This is an Inside Science story.
"Testing, testing, testing" has become the mantra of the fight against the coronavirus. Scientific experts all seem to agree the virus cannot be controlled without adequate testing.
If you want to know why, think of Ali Maow Maalin.
Maalin, a young cook in the small coastal village of Merca, Somalia, was the last person to catch naturally transmitted smallpox. He volunteered to drive an infected family to a hospital in October 1977, and the next week came down with the disease. He was discovered because the World Health Organization set up a surveillance system that reported his illness, and vaccinators swarmed Merca blocking transmission. He survived and did not pass the disease on to anyone else. (Maalin died of malaria in 2013.)
They knew exactly where the virus was in real time, thanks to a worldwide surveillance system that found Maalin even in a remote village in sub-Saharan Africa. I had a glimpse of this process reporting for the Philadelphia Inquirer and researching the book that eventually became "The Invisible Fire," published in 1979.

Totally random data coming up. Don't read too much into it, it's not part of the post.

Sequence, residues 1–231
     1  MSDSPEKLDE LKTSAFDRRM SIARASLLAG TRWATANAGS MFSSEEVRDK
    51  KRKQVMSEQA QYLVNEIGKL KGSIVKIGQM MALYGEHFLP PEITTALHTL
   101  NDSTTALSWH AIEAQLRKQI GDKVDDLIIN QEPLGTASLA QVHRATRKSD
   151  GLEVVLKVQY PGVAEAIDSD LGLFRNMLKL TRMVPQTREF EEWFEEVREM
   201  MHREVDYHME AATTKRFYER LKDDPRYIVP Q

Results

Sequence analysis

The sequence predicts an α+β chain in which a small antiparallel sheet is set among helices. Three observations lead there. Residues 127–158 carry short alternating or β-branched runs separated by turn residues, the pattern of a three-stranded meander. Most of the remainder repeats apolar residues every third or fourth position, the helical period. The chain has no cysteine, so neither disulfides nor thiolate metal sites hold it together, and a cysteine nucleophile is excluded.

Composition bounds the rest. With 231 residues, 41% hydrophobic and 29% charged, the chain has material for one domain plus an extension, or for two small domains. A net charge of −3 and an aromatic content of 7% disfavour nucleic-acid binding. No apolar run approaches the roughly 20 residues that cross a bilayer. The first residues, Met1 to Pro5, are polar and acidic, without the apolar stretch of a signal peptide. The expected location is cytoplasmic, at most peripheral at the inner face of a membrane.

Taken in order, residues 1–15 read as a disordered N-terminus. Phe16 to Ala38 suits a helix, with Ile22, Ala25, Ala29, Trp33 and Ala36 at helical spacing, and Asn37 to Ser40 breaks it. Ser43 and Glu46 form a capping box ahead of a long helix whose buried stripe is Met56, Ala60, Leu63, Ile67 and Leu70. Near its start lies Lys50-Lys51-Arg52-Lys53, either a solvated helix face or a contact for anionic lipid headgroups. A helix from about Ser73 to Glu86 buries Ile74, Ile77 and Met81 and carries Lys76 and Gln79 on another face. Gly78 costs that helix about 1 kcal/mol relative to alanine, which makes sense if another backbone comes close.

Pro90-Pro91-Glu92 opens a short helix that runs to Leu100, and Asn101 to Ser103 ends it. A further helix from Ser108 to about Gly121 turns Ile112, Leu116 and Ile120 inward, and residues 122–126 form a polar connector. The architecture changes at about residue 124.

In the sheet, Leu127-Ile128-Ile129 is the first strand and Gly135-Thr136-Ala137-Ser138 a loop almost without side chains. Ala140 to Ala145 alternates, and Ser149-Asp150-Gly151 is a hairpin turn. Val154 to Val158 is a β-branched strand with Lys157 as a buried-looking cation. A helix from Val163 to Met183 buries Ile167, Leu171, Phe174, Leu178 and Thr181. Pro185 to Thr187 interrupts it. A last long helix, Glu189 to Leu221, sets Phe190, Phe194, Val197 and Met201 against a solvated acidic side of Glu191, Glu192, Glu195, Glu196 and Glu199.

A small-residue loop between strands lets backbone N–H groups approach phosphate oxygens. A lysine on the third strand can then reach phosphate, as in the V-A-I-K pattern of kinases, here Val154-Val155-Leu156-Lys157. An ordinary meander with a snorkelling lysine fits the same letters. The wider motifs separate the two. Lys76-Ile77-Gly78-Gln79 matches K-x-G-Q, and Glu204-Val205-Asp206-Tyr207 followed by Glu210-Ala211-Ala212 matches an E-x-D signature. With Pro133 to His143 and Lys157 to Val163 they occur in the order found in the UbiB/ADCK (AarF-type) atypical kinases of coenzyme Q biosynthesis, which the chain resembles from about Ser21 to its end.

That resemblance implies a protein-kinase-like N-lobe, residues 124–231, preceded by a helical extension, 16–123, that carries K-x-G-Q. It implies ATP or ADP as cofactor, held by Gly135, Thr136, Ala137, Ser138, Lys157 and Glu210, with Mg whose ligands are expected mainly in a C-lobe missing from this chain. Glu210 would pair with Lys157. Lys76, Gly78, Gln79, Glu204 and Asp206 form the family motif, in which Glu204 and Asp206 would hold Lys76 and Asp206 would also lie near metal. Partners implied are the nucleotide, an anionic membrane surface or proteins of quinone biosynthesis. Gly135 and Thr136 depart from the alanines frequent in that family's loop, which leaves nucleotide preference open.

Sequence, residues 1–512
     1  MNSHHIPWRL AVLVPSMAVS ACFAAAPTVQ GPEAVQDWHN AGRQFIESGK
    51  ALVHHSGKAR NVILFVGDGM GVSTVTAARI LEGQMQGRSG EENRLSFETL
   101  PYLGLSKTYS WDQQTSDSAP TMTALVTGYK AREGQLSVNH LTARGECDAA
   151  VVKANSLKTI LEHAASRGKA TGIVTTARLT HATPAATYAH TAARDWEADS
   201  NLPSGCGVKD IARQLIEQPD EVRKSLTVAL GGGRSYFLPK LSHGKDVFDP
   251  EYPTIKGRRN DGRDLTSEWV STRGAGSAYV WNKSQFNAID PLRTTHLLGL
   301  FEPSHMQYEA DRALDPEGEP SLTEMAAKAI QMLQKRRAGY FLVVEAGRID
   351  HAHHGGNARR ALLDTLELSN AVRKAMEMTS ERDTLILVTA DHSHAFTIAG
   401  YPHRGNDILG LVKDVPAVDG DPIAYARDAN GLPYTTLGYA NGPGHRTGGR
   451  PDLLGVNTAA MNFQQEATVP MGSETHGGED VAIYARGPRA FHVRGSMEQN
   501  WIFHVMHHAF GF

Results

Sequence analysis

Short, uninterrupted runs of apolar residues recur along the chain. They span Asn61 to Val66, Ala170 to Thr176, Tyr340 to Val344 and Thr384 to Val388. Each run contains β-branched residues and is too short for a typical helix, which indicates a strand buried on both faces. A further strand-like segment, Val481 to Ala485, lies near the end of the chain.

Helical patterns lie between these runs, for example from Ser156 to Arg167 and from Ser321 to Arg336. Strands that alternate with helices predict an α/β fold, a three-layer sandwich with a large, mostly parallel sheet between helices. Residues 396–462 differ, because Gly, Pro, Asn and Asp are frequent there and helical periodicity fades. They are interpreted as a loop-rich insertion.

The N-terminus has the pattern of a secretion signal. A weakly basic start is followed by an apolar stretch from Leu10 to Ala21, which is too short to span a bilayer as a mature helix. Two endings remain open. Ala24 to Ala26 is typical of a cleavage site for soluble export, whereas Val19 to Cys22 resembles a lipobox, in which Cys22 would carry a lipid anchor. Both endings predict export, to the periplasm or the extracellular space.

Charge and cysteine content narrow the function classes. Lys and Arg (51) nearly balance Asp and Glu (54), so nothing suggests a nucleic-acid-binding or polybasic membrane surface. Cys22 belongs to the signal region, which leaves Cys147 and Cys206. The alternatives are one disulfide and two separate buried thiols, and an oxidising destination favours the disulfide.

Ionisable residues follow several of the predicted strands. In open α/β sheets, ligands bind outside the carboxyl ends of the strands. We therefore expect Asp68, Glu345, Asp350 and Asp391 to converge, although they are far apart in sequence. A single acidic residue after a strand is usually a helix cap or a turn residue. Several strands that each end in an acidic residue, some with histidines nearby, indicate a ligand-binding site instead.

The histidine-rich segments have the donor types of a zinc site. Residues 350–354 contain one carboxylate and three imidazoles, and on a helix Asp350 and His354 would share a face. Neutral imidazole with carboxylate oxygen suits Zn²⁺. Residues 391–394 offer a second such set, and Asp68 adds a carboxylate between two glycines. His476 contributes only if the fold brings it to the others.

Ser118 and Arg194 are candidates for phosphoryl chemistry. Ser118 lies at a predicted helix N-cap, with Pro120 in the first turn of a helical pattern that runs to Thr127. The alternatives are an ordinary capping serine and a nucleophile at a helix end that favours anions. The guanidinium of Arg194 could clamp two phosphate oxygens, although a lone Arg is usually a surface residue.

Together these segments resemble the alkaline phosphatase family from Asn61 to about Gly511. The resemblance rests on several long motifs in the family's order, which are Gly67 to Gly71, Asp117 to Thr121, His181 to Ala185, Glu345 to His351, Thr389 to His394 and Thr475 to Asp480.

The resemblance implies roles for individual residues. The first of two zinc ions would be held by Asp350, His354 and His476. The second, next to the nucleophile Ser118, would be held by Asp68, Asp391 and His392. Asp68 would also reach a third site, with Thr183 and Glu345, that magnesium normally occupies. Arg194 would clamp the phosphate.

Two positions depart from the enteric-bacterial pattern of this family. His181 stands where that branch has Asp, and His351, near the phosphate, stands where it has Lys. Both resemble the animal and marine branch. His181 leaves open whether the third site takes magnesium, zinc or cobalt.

It was an adventure. The Somali Democratic Republic barred Western reporters, so I had to sneak in under false pretenses, as a WHO researcher. A real WHO researcher took me to meet Maalin.
Are there lessons to be learned from what happened a half century ago?
A vulnerable virus
Epidemiologists had several advantages in fighting variola, the smallpox virus, that they lack in battling the coronavirus. For one, variola is a very large virus, so big it can be seen with a normal microscope. Unlike many viruses, it had no animal reservoir. It survived by transmission between humans only, so it had no place to hide.
Most of that is not true of the new coronavirus, but there are crucial lessons connecting the two. Testing that confirms the presence of a virus will tell you where a disease is so you can do something about it. And testing can give information as it moves.
Experts agree the reported numbers of people who have tested positive for SARS-CoV-2, the type of coronavirus that causes COVID-19, represent a substantial undercount. One controversial study at Stanford suggested confirmed cases are a small fraction of the true number. Without more testing we don't know what percentage of cases have been detected so far.
Another difference between COVID-19 now and smallpox in the 1970s is the availability of an almost perfect smallpox vaccine, developed in 1796, by the English physician Edward Jenner.